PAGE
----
Thursday, November 16, 2017

Carpe Diem #1307 The Vessel


Dear Haijin, visitors and travelers,

It's a little bit sad day today. I failed an exam I had today, but well it's not something to worry about. I will make it again on another day. Now I only have my thoughts at this episode. What can I tell you about this quatrain? It's the sequel of the verse of yesterday. These two verses are connected and I will try to explain that with a little help of bob forrest, who wrote a verse to verse explanation of "The Rubaiyat". It's that explanation I used this month already in all the episodes. Before I had heard about "The Rubaiyat", I really hadn't a clue what a quatrain was or who Omar Khayyam was so I just needed a suitable source of information. It took me some time to find the verse to verse explanation, but I am glad that I found it. "The Rubaiyat" is a wonderful compilation of quatrains with a whole lot of hidden layers, without the verse to verse explanation I couldn't make this month.

Omar Khayyam
Let me give you the quatrain for your inspiration:

I think the Vessel, that with fugitive
Articulation answered, once did live,
And merry-make; and the cold Lip I kiss'd
How many Kisses might it take - and give !

© Omar Khayyam (Tr. FitzGerald)

Background:

“The Vessel” here is the earthen bowl of the previous verse. The lip of the bowl becomes the lip of someone once living, and thus once capable of giving kisses.

The idea that, on death, we return to earth or clay from which can be made a Vessel/ Cup/Bowl is but one idea. Another idea is that our clay may become that of simple building bricks. Thus, for example, Hafiz wrote that “this ruined world is resolved, when we are dead, to make only bricks of our clay!” (from Ode VI in the translation by Cowell).

It's a joy to read again a "note" to an other Persian poet, Hafiz, in this explanation. Hafiz is one of my favorite Persian poets and I even think he is also the most loved Persian poet all around the globe. In the poems by Hafiz we found also several hidden layers.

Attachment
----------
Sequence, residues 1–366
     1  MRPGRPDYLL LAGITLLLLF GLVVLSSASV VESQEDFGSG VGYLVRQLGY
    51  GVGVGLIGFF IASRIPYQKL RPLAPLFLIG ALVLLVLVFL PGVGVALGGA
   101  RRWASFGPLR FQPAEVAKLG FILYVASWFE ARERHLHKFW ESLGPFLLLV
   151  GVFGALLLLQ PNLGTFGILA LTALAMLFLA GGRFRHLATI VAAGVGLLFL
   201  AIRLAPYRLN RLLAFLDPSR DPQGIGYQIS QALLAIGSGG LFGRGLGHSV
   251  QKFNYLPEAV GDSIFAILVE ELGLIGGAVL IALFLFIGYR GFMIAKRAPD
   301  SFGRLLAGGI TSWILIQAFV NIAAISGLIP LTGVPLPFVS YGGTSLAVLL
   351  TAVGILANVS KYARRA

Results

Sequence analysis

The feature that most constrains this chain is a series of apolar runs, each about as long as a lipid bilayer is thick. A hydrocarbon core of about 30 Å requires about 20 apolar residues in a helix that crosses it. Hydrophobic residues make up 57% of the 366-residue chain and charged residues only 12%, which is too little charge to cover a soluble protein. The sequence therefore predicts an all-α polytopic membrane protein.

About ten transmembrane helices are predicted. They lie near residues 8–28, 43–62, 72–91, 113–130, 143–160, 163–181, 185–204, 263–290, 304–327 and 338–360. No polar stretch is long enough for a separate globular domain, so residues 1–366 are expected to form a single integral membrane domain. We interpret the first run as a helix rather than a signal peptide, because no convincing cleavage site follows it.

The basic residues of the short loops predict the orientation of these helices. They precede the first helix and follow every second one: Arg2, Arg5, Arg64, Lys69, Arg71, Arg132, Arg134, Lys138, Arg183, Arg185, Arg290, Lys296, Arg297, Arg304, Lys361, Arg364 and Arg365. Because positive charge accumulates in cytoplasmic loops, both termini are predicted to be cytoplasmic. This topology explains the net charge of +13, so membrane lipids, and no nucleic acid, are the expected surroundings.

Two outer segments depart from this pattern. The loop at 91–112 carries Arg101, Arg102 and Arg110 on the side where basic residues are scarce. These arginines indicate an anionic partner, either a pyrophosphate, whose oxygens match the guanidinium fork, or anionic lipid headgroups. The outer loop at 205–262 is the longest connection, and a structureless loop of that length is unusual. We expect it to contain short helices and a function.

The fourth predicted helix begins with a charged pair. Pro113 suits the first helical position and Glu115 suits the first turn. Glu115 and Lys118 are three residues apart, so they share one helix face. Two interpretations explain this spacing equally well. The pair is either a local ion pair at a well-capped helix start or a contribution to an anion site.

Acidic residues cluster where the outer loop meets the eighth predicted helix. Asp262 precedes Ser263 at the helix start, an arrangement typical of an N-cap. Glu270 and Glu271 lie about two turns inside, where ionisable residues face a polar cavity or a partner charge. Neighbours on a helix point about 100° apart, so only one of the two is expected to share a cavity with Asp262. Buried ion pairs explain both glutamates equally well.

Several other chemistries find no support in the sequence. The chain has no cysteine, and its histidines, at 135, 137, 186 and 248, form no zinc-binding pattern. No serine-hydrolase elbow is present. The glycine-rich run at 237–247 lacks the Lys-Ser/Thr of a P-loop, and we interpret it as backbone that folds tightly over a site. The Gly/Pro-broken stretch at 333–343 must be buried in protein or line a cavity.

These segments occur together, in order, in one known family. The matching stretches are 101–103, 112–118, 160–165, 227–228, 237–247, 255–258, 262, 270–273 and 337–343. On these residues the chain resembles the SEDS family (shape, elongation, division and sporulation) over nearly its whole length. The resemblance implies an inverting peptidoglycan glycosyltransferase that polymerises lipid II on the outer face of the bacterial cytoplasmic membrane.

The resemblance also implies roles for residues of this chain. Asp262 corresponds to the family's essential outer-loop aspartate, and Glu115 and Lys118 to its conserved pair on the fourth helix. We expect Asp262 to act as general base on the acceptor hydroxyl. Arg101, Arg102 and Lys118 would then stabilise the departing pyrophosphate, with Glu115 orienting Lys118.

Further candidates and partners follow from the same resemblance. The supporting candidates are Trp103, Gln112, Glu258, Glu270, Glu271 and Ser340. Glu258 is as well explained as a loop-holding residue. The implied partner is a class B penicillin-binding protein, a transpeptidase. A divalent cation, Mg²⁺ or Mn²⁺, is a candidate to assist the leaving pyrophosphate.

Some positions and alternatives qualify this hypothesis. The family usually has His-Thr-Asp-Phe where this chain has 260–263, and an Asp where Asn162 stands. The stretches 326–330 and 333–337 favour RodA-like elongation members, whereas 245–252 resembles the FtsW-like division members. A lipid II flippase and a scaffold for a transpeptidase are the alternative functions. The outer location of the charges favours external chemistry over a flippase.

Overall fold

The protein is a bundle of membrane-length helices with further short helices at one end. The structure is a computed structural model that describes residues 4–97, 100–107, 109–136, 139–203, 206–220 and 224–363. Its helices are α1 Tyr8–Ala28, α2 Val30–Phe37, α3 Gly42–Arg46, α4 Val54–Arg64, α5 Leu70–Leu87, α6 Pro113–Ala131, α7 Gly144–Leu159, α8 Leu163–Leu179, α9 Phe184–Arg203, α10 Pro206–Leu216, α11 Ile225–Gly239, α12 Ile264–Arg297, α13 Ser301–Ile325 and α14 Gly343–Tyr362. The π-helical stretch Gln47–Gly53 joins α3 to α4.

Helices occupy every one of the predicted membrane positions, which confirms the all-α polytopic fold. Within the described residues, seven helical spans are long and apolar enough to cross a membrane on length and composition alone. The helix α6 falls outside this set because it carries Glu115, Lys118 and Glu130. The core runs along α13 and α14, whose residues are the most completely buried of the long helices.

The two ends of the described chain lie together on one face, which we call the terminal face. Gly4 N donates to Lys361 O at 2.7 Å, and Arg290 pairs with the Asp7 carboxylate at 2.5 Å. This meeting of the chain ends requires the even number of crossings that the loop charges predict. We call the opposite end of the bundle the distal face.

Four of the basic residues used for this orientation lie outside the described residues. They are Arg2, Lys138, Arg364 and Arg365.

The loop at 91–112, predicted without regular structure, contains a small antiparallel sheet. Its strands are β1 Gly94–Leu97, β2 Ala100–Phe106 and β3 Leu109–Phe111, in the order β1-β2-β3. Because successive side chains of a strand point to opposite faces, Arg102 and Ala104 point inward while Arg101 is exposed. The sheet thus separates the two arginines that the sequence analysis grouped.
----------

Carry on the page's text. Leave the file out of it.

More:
Hafiz quote
In Christian tradition the phrase “ashes to ashes, dust to dust”, is common use in the tradition of a funeral, but it isn’t a phrase in the Holy Scripture it is based on Genesis 3:19, Genesis 18:27, Job 30:19, and Ecclesiastes 3:20. Those passages say that we begin and end as dust.

So is there also a reference to Christian belief in this quatrain by Omar Khayyam? Maybe it is, maybe it is not. I don’t know. However I like the idea that we can find references to Christian belief in a Persian compilation of verses.

smoke rises
from the pyre
to Heaven

© Chèvrefeuille (experimental haiku)

This episode is NOW OPEN for your submissions and will remain open until November 23rd at noon (CET). I will publish our new "weekend-meditation" later on. For now ... have fun!


Wednesday, November 15, 2017

Carpe Diem #1306 The Secret Well of Life


Dear Haijin, visitors and travelers,

Welcome at a new episode of our Haiku Kai were we are exploring the beauty of Omar Khayyam's "The Rubaiyat" as translated by FitzGerald. "The Rubaiyat" is a compilation of 100 quatrains, but as I told you earlier this month, "The Rubaiyat" is just a small part of Khayyam's quatrains, he created around 2000 quatrains.